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States » North

Historic ‘Jakh pond’ in bordering Samba, dying a slow death

Historic ‘Jakh pond’ in bordering Samba, dying a slow death

By Vishal Bharti

Jammu, May 26 (UNI) Historic Jakh Pond, situated along the Jammu-Pathankot national highway, around 21-kilometres from here, is dying a slow death.

The Pond, as per the locals, has a religious importance but unfortunately, such a historic location not being paid due attention by the administration.

Talking to local residents, it was revealed that ‘Jakh Pond’, is a place where Yudhistra—the eldest brothers of the Pandvas—during the period of ‘Banvasa’—faced a test before Yaksha Prashna.

Yaksha Prashna, also known as the Dharma Bka Upakhyan or the Ashkardhama, is the story of a riddle contest between Yudhishthira and a Yaksha in the Hindu epic Mahabharata.

When UNI correspondent visited to the spot to unfold the religious history of the place, was taken by surprise on seeing the shabby condition of the surroundings of the pond vis-à-vis, the water, which once used to be of sea blue colour, had turned green and the fishes were found dead.

Pertinent to mention here that last year too, hundreds of fishes died in ‘Jakh Pond’ and the concerned department paid no heed towards it.

People of Jakh and adjoining areas alleged that the fishes died due to dirty water adding that despite repeated requests none of the official from the concerned quarters showed concern over the issue.

“We brought medicines by contributing money and cast it in the pond so that the remaining fish can be saved,” said Tanetra Singh and added that there is a mythological belief that feeding (Atta Rolls) fishes in the pond on Saturdays, helps one to get rid of evils around but unfortunately, no aquatic life is found these days in the water body.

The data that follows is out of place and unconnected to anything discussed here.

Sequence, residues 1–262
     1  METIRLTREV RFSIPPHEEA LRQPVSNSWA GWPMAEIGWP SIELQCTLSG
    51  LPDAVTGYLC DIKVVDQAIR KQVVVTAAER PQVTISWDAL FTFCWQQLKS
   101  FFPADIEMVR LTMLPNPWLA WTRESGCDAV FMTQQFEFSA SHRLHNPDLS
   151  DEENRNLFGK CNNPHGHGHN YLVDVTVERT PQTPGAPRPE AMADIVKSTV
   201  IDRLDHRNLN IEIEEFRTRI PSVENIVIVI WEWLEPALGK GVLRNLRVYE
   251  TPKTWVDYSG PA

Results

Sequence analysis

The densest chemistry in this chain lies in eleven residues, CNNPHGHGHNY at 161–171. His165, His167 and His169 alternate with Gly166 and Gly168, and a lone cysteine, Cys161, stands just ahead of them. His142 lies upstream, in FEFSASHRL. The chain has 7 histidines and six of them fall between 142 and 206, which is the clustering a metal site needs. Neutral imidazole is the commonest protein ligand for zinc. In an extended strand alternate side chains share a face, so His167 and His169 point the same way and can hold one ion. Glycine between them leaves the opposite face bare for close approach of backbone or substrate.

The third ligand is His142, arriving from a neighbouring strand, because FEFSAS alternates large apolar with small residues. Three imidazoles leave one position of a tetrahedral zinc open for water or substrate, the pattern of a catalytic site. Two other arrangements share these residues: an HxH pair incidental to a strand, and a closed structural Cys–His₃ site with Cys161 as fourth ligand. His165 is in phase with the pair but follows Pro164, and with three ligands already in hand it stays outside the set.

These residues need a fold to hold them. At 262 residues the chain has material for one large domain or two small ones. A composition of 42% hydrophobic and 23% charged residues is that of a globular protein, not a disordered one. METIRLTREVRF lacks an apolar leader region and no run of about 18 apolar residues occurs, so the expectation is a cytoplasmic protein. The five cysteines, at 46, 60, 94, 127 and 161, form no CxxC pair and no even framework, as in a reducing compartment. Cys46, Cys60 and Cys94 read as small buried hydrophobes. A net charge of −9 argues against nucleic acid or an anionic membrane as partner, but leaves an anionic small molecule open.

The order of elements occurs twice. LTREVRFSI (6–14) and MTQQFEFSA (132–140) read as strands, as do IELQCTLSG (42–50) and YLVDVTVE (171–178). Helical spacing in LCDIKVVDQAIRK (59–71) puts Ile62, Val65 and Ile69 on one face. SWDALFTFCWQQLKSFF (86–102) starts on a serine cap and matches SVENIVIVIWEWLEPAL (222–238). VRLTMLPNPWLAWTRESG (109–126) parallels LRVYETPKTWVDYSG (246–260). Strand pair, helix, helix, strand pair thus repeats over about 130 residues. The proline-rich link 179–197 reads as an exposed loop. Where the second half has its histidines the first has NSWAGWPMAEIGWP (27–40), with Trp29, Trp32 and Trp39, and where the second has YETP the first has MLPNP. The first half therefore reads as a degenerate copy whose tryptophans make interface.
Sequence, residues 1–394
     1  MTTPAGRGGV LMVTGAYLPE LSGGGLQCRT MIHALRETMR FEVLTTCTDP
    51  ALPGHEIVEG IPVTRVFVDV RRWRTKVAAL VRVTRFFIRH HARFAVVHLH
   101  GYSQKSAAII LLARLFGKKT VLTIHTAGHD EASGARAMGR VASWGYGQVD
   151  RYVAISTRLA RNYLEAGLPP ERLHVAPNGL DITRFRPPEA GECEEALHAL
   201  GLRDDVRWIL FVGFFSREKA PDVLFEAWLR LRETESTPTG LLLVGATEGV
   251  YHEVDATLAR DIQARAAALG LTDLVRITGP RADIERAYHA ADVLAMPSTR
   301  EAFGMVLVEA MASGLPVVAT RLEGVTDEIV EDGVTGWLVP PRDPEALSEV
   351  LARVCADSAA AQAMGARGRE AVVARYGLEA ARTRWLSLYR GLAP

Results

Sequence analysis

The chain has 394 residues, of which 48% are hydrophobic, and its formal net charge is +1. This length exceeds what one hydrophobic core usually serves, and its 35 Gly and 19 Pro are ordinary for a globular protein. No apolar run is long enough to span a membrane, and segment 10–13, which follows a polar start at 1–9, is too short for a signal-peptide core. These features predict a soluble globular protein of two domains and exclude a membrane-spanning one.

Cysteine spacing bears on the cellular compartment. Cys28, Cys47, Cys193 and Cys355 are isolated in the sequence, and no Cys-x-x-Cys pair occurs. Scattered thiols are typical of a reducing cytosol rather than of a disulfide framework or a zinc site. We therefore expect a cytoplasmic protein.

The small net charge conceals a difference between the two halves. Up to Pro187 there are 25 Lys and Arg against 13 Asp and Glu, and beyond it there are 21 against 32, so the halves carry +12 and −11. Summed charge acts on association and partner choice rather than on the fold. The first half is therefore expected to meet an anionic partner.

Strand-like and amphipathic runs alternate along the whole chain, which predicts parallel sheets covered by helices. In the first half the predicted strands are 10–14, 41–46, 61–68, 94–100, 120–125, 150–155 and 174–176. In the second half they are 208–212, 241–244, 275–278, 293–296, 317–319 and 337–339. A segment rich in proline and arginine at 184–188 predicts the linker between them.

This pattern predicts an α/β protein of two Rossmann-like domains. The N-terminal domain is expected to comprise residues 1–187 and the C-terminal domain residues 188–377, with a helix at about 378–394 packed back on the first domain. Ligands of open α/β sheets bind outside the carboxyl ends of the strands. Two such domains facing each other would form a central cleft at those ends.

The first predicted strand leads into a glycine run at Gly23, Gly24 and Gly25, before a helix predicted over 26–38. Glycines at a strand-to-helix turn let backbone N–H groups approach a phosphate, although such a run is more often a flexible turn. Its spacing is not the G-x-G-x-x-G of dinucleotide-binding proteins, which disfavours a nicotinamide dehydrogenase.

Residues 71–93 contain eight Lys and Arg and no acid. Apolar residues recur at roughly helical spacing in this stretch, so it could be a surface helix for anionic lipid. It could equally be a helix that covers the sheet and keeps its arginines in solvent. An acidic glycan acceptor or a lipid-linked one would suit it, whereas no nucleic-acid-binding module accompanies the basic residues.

“People are unaware of importance of this place due to which they throw garbage into the pond,” said Brij Lal Sharma, a local and alleged that it was also learnt that some mischievous elements also poisoned fishes into the pond.

The villagers however, also believed that dumping all type of waste into the pond, angered the ‘Devta’ ‘Yaksha Devta’, on whose name it was named as place ‘Jakh’.

Owing to the verbal Dogri Language the name ripened was ‘Jakh’ known for its fresh water pond, Temple, Satsang Ghar, Thandi Khui and its Barfi (sweets), this have always been a place of interest for locals and tourists.

“After almost a year, small black tad poles can be seen in this holy pond again and may be the nature is trying to restore the lost marine life against the act of humans,” Kulwant Singh Jasrotia, a local from adjoining villager expressed.

“The Pond is gradually losing its sheen and has shrunk manifold from its original size and if appropriate measures are not taken, it will soon be a history like its historic relevance,” rued Jakh residents.

He said that in the last one year, the state tourism authority has taken up the development of this place by constructing footpath for evening strollers , washrooms and toilets, placed sign boards to stop visitors from dumping wastes but still lot is to be done.

“Every year, crores of people visit Jammu and Kashmir, either to visit to Shri Mata Vaishno Devi Cave Shrine, Amarnath Cave, for leisure tourism and if such places are included to their travel itinerary and the place is highlighted by the concerned authorities, better facilities are provided, it will give boost to the tourism,” he suggested.


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